Properly managing the employees at your auto repair shop is crucial for business success. Previously we’ve discussed focusing on employee safety and reducing employee turnover, and while it’s important to make sure your workers are safe and keep their skill sets and expertise available to you, it’s also vital that they use their time wisely and productively. What are some ways of ensuring they do this?
The key to any strategy for improving employee performance is providing proper incentives. Many governments learned this lesson the hard way in the twentieth century: people will not work hard unless they see a benefit for themselves somehow. This does not have to be money. People will also work harder because of love, loyalty, desire for recognition, community feeling, personal pride, and moral or religious beliefs. Different people will respond to incentives differently, however. Determining which of these works best for your group of employees is the challenge. Let’s go through them.
Love and loyalty – Few bosses inspire actual love from their workers, but inspiring loyalty is easier. When you invest time and money into your employees by encouraging them, allowing them access to further training, and treating them as you would like to be treated, this develops the relationship with them, and people are loath to leave good relationships.
Recognition – For some people being praised to others publically is more important than anything else. This will not be true for all of your employees. Some will much prefer a quiet acknowledgement of their hard work. For the ones that crave recognition, though, giving them the incentive they need to work harder is fairly simple and inexpensive.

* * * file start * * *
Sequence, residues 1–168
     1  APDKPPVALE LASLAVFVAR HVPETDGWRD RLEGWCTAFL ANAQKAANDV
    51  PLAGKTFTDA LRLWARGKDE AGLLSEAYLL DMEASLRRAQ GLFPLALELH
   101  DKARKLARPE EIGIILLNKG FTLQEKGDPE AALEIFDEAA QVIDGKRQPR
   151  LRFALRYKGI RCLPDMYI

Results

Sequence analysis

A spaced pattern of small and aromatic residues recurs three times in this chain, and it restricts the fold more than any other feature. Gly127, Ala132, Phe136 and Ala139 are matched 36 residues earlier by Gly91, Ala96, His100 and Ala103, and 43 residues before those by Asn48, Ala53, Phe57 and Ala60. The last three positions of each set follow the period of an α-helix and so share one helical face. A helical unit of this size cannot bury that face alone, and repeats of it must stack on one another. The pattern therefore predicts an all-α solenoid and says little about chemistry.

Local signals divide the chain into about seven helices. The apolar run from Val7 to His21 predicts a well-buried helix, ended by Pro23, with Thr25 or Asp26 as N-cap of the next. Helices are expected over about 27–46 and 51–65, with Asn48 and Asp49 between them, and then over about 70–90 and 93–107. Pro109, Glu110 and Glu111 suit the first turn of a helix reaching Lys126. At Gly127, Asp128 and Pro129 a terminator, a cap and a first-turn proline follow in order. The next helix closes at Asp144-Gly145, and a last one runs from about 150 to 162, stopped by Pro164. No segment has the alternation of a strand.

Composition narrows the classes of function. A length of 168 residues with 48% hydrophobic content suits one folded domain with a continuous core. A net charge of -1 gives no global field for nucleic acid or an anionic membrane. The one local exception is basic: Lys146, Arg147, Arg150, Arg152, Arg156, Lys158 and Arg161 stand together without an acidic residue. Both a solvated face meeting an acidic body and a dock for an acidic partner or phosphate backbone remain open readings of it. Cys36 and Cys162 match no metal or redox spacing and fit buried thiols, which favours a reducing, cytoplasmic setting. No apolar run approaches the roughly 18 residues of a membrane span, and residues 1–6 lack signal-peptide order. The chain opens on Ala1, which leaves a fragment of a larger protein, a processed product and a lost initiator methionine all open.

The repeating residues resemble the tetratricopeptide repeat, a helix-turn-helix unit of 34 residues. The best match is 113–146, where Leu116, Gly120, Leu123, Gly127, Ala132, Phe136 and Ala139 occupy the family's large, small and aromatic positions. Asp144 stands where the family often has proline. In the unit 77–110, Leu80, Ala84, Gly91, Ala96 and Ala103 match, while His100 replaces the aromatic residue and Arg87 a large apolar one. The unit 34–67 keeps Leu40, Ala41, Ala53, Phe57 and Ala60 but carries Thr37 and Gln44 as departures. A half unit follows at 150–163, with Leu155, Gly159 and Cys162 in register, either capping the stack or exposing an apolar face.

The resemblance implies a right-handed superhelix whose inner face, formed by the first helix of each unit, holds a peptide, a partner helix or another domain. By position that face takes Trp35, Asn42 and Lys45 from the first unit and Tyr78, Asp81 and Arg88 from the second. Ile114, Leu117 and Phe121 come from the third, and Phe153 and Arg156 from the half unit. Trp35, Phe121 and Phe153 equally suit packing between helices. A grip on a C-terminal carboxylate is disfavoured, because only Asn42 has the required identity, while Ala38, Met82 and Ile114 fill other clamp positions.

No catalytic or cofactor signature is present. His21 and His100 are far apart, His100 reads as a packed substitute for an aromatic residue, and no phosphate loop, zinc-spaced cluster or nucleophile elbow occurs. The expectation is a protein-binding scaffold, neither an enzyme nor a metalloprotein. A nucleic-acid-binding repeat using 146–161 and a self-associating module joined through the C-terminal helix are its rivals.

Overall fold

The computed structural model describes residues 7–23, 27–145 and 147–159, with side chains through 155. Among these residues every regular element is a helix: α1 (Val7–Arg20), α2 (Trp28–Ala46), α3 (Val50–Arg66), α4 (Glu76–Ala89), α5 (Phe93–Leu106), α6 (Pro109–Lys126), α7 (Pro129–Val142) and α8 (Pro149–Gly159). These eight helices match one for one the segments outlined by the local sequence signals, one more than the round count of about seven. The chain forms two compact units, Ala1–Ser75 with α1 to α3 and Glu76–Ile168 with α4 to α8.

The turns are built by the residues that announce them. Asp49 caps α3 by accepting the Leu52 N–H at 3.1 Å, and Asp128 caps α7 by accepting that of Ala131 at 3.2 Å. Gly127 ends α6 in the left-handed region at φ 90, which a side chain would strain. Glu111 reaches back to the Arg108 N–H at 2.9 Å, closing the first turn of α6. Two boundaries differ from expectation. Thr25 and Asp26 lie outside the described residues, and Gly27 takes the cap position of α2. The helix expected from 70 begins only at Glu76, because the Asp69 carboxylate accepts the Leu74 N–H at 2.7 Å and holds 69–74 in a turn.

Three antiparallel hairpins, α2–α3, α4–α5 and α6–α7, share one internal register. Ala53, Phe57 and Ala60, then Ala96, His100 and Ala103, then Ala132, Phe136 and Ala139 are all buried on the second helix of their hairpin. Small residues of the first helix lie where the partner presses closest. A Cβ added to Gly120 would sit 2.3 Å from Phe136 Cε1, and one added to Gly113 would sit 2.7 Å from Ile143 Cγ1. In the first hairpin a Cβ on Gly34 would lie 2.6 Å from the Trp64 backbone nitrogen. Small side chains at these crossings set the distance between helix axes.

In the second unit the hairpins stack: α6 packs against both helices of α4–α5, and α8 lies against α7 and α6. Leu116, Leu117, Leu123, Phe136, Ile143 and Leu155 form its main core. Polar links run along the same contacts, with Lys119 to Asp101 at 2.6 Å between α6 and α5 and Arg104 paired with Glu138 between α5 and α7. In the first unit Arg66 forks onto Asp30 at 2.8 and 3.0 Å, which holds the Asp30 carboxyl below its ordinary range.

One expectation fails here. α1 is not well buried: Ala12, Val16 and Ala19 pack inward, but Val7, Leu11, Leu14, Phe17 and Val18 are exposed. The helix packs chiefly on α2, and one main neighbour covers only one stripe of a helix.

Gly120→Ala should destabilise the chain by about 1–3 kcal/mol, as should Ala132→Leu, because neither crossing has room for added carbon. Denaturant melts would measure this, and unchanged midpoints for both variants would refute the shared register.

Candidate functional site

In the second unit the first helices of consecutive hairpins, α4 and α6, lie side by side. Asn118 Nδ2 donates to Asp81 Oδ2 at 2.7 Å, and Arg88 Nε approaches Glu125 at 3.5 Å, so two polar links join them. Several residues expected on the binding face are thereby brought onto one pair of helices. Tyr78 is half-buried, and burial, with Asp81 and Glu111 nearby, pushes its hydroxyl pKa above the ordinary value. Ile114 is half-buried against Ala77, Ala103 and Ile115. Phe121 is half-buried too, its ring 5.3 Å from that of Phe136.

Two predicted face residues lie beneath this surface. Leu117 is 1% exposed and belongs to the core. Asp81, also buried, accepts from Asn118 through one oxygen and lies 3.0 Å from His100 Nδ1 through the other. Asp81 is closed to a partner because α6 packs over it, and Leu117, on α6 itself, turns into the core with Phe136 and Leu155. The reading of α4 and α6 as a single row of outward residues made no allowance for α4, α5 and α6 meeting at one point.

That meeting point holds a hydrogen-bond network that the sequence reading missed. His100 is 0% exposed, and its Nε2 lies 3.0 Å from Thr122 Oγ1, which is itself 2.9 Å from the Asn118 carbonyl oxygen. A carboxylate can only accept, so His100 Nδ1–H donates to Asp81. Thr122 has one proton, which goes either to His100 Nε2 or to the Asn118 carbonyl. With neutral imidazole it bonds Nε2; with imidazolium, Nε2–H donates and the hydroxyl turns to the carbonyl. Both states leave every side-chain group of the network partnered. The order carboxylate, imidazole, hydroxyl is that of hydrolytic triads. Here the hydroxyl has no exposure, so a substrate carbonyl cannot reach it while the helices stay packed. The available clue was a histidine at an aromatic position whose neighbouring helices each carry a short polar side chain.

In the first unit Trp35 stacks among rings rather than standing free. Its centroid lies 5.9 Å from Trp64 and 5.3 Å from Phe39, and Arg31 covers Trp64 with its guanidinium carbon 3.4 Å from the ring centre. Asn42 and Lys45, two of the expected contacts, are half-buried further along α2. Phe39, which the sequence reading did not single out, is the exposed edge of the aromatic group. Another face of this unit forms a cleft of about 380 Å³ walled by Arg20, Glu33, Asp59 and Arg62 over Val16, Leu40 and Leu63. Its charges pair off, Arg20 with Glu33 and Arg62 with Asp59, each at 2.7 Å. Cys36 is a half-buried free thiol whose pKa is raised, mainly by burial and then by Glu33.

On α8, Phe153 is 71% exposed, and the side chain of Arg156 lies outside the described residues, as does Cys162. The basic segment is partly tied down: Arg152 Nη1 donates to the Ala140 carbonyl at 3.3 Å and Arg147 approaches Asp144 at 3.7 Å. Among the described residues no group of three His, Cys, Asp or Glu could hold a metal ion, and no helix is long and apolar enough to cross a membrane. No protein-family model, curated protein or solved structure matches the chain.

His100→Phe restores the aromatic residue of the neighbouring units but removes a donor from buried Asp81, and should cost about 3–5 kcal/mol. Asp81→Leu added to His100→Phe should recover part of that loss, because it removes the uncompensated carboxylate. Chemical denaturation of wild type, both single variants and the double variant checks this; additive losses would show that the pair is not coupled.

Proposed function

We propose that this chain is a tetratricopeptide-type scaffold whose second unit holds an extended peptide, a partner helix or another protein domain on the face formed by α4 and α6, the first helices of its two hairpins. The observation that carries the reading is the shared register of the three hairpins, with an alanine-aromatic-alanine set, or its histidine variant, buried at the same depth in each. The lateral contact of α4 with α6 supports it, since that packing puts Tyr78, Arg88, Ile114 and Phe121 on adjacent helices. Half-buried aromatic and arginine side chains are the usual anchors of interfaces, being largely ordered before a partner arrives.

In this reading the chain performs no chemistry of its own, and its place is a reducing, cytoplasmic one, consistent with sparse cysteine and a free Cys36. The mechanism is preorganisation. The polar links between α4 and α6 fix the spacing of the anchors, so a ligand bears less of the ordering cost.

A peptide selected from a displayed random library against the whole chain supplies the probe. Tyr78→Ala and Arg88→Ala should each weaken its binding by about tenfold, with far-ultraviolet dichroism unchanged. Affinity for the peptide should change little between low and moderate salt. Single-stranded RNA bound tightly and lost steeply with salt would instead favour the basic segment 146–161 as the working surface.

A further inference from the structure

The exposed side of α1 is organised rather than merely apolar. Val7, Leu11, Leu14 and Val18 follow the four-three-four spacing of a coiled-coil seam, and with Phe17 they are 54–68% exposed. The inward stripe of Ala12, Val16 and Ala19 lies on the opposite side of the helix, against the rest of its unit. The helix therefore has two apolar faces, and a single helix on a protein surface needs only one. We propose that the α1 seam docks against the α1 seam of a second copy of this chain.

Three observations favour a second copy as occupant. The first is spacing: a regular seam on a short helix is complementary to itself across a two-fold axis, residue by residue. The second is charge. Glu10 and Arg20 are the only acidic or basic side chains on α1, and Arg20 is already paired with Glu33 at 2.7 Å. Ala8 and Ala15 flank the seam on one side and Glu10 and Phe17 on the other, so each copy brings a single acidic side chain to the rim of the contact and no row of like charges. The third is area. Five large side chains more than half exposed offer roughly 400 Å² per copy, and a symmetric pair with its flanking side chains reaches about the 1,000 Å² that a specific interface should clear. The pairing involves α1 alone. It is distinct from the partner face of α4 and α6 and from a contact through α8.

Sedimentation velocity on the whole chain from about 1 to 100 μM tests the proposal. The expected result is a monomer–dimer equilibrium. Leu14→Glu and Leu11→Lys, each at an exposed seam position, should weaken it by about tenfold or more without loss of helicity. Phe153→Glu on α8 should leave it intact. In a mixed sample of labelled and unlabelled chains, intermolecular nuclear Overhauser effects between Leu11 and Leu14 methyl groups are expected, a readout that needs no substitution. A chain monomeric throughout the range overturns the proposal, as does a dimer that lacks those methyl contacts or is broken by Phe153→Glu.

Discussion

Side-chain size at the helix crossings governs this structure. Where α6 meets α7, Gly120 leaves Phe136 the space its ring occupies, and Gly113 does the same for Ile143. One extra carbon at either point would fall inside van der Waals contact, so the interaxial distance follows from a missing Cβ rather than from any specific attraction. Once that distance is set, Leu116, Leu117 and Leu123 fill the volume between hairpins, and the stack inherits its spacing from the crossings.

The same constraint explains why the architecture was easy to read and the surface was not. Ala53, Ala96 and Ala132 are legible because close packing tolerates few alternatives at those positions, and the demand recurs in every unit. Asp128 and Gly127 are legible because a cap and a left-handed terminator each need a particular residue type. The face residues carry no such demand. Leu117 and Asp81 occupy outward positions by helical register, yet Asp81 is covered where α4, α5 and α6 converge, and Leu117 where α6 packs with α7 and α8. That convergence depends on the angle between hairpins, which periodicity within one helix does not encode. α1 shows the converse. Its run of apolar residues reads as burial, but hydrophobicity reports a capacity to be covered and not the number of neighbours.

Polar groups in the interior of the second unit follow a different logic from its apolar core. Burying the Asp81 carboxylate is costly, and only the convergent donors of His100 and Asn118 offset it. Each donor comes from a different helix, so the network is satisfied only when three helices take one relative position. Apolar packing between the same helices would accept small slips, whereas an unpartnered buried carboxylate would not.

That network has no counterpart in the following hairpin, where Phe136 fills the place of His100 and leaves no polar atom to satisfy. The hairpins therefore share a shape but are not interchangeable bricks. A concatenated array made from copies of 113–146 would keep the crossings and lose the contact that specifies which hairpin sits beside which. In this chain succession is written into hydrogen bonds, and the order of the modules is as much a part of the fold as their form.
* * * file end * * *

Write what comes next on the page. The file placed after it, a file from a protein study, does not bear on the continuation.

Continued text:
Community feeling – Creating a working environment that encourages mutual support and friendly competition can be a great way to motivate your employees. Sometimes people respond to pressure better when it’s from coworkers than when it’s from the boss. Also, keeping track of group goals and rewarding them is often easier and cheaper than trying to harness individual motivation.
Personal pride or beliefs – This is not something that you as a boss will be able to influence directly. In certain situations bosses can appeal to common values or beliefs, but getting workers who will share your values is something that can only be done at the time of hire. Pay attention to your worker’s employment histories and personal values during interviews then.
Money – While financial incentives won’t work on some people, they work on most. Tying pay to performance as directly as possible is a proven way to increasing productivity, whether it’s done through wages, bonuses, or on-the-spot rewards.
The most important step to getting better performance from your employees is taking the time to get to know them. If you do not learn their personalities and the incentives that motivate them, choosing any of the above will have spotty results at best. You may find that forming a positive employer/employee relationship will be a much better motivator than you expected and you will not have to spend a great deal more money or implement complicated reward strategies at all.